It is the responsibility of deans, chairs, and faculty, in harmony with the guidelines that follow, to act so that university resources—including faculty time—are used appropriately, and to work with Intellectual Property Services to promote proper fulfillment of the objectives of this policy.

III.  COUNCIL ON RESEARCH AND CREATIVE ACTIVITIES

The Council on Research and Creative Activities will advise and coordinate activities with Intellectual Property Services and review current procedures and practices to make recommendations for policy development. The council has responsibility for resolving conflicts of interest that involve intellectual properties or any commercial involvement or consulting arrangements of university personnel. The council is also responsible for dispute resolution (see section X).

The council is chaired by a faculty member and includes at-large faculty members, with ex-officio members from the Office of Research and Creative Activities and from Intellectual Property Services (see the Electronic Handbook). The council may also empanel advisory subcommittees composed of faculty members and/or administrative personnel with particular background or experience to assist in investigating and resolving conflicts.

IV.  OWNERSHIP

IV.A. Substantial Use of University Resources
            IV.B. Nominal Use of University Resources
            IV.C. Repayment of University Support Funds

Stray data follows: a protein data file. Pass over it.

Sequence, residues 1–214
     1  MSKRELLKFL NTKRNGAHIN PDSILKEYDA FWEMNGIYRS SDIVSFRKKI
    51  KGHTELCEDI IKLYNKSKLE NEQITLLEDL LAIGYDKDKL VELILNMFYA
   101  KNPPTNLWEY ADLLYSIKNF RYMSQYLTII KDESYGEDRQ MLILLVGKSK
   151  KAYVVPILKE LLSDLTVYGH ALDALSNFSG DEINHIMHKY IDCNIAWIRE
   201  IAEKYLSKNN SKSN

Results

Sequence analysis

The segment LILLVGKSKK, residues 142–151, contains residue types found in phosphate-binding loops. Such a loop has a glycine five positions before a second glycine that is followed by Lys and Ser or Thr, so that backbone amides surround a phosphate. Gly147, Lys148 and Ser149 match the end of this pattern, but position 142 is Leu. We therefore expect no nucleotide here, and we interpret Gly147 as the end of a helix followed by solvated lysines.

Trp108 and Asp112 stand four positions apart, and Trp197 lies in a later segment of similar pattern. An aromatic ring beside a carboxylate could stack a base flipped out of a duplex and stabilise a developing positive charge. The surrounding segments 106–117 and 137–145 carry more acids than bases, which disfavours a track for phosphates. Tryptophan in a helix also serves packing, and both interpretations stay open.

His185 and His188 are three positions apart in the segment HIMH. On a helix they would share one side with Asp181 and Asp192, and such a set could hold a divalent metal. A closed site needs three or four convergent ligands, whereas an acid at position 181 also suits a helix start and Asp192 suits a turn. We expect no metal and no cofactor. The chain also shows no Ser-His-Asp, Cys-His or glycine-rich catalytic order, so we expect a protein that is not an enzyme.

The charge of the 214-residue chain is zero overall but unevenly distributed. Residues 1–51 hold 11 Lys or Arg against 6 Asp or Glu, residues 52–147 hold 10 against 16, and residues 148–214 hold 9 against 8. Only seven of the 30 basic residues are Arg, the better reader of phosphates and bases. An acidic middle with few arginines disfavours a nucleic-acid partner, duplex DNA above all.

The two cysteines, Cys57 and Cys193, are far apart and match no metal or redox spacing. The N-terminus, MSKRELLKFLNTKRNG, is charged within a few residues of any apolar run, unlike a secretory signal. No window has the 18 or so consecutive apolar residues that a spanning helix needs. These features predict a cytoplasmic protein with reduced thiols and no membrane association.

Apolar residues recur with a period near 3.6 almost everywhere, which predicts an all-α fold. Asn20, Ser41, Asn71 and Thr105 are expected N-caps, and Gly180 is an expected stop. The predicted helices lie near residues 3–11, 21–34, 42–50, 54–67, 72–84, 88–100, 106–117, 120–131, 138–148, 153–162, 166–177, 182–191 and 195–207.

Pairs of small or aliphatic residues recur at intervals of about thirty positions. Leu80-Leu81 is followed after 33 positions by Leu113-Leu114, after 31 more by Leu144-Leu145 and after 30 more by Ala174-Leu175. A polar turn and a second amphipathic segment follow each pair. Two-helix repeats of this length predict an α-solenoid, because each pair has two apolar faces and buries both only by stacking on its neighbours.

IV.D. Consulting and Intellectual Properties
            IV.E. Student Ownership of Intellectual Properties
            IV.F. Assignment of Intellectual Properties to the University
            IV.G. Release of University Ownership
            IV.H. University Use of Technologies and Properties Created by University Personnel

Pursuant to law and university policy, and without an express agreement specifying otherwise, any work (whether a technical work or a creative work) prepared by university personnel within the scope of their employment is work for hire owned by the university. When works are commissioned to an individual who is not an employee of the university or when the commissioned individual is an employee but the work to be created falls outside that person’s scope of employment, the university will proceed with a written agreement, signed by the university and the individual, stating that the resulting intellectual property is owned by the university and assigning to the university all intellectual property rights to the work held by the individual.